Start by attaching the bed sides (F) to the the bed end (G). Use your Kreg Jig or 2 1/2" screws and glue. Then attach this frame to the headboard in the same way. The inside edges of the bed sides should line up with the inside edges of the center posts on the headboard (see pic below).

Now you can add the bed supports (E). Attach one support against each bed side using 2 1/2" (or longer) screws and glue. They should bed set down 1" from the top of the bed sides. Attach the third support along the middle of the bed, also set down 1" from the top edge of the bed sides and end. This will leave 27 3/4" of space between each support.

If you have a box spring it can sit right on these supports. If you just have a mattress, you'll need to add some slats (H) across the supports. Lay the slats on and just space them so they look pretty even. Drill down through the slats to attach them to the supports. Use glue.

Step 5: Finishing
Now you can finish your bed. Start by filling any holes and sanding everything down. Then spiff it up with any paint/stain/polyurethane you like! When you install the bed, be sure to anchor the headboard securely to the wall.

You can do all kinds of fun things with this big headboard. Like to read at night? Try installing some sconces right into the headboard. Or maybe hanging some family pictures above the nightstands. Be creative and find something you love!

Project 2x4 Cost:
$19.20 -  6   2x4s @ 10' long ($3.20 each)
$5.00  -  2   2x4s @ 8' long ($2.50 each)
$19.50 -  3   2x8s @ 8' long ($6.50 each)
$25.16  -  17   1x3s @ 8' long ($1.48 each)
$68.86 Total

Thanks to one of our reader for submitting this photo of a completed bed! They modified it to be built without a Kreg Jig which left space behind the side boards for outlets, and I love the two-tone finish on the nightstands! You can see the full album here, including how they added lighting under the top edge. Thanks again!

See giveaway winners here.

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Day 5 31 Days of 2x4 Projects - Full List Day 7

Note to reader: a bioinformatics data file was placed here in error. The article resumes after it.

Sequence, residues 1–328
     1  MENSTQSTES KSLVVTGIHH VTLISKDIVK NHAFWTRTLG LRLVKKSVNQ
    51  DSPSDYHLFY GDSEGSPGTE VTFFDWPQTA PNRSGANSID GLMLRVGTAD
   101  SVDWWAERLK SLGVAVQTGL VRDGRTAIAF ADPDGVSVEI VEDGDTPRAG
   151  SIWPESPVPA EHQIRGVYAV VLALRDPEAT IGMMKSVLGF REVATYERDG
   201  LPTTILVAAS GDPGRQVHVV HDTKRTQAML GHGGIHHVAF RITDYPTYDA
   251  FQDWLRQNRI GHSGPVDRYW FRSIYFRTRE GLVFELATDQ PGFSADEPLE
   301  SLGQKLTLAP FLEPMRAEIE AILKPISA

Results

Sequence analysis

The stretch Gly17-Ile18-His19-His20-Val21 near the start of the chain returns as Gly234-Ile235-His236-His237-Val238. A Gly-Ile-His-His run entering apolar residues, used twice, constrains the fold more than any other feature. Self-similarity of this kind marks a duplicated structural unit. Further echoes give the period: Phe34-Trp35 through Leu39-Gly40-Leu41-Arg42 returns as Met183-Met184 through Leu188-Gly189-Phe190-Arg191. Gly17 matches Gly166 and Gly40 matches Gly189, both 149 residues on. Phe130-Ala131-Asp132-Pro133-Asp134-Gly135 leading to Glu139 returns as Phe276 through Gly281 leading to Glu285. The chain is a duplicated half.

1. Thanks for giving instructions on how to finish off this project.

  2. I think that I might have to do some math and adapt this to a king bed!

  3. This concept is really creative. I am planning to make a king bed frame, I like the design for the support under the box springs. Great Job!

  4. I want to make myself a pallet bed soooo bad

  5. I am gonna send you some pics, using a Kreg. So that you can post some pics. Never could imagine it could be so heavy. I am just about done with the headboard piece.

    1. That would be WONDERFUL! I can't wait to see it! You can email me pics at MoreLikeHome at gmail dot com. :) I would love to add some pics to the post. :) And yes, 2x4's are heavy! I was surprised even at how much the bar stools weigh!

  6. Do you happen to have the measurements for a cali king size mattress?

    1. For a cali king you need to adjust the wide of the center section of the headboard ( to 72" instead of 60" and do the same with the bed end (G). You'll also need to adjust the bed sides (F) to 85 1/2" instead of 81 1/2". You'll probably want to run some extra supports for the wider size, too. Hope this helps! :)

  7. What if you need to take apart the bed frame? (For moving purposes) what do suggest so it doesn't get messed up during deconstruction?

    1. I would say definitely get a Kreg Jig! That way you can connect everything on the back, and you can just pop the screws out to take it apart into sections for easier moving. You could take the bed frame apart to move it and even break the headboard down into smaller sections. You would be able to pop it right back together, and the front should be unaffected since all the screws are hidden on the back. :)

  8. So in the interest of just using 2x4's could you put together 2 boards to make the 2x8's? It would cut down my cost( for some reason 2x8's are expensive here) and I could put them together with my kreg. Or would that mess with the stability and strength of the base?

  9. Stacking two 2 x 4's to make a 2 x 8 would work if you have clean edges and use glue in addition to the Kreg screws. If you carefully select your dimensional lumber from the big box store you can find those clean edges. I started build furniture from that type of stock but actually saved money by locating a good used planer and jointer then buying less expensive raw stock.